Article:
That’s far from a contender’s rotation, especially with the poor defense that plays behind them.  Parra and Rogers both belong in the bullpen, and Narveson is more of a 5th starter with Wolf being a solid #4.  That leaves the Brewers with a heavy need of a #2 and #3 starter, something that will cost you roughly $8-$12M per year in the current market.  The Brewers simply cannot afford that.  When the opportunity to acquire Shaun Marcum came up they felt compelled to make the deal happen.  Here is what their 2011 rotation could look like with Marcum:

 Pitcher  IP  FIP  ERA  WAR
 Yovani Gallardo  185.0  3.02  3.84  4.6
 Shaun Marcum  195.1  3.64  3.74  3.5
 Randy Wolf  215.2  4.85  4.17  0.7
 Chris Narveson  167.2  4.22  4.99  1.7
 Mark Rogers  10.0  2.08  1.80  0.3

Marcum is an instant upgrade to a bleak rotation and allows Parra to move to the pen, where he belongs.   He is also under team control for two more years and will cost much less than a free agent of his caliber.

Toronto makes this trade without blinking an eye.  They acquire Canada-native Lawrie, currently learning secondbase, and could choose to either keep him and develop him or add him to a package and try and land the Royals Zack Greinke.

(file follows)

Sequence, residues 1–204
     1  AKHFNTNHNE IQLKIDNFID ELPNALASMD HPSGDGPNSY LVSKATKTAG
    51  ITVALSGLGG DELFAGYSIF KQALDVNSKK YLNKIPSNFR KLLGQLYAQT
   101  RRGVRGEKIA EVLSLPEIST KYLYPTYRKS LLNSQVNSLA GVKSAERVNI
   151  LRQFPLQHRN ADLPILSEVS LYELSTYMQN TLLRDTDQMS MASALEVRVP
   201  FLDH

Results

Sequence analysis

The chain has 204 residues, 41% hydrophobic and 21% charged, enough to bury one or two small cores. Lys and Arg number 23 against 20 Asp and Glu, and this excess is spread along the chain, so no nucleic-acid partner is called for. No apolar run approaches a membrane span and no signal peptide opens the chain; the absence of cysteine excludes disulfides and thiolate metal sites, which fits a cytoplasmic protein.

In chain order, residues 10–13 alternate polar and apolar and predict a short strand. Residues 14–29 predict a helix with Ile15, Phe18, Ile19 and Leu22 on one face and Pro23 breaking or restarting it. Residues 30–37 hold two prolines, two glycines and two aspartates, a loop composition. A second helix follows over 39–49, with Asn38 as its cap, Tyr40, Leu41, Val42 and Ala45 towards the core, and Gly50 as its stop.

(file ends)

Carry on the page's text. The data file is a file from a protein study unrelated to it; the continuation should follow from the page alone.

Lawrie is very raw at secondbase and may end up having to move to a corner outfield position or firstbase, something the Brewers had their own surplus of.  Here is a scouting report from Keith Law on Lawrie:

Lawrie has a good swing, almost a classic left-handed swing but from the right side, with tremendous rotation and raw power. I’ve seen him overstride in BP, but he quiets down a little in games, still taking all-out swings but with such a good swing path that he covers the plate and struggles only with changing speeds. He’s an intense, aggressive, “one-speed” player who might benefit from dialing it down a notch every now and then, and the lack of finesse in his game is part of what holds him back as an infielder.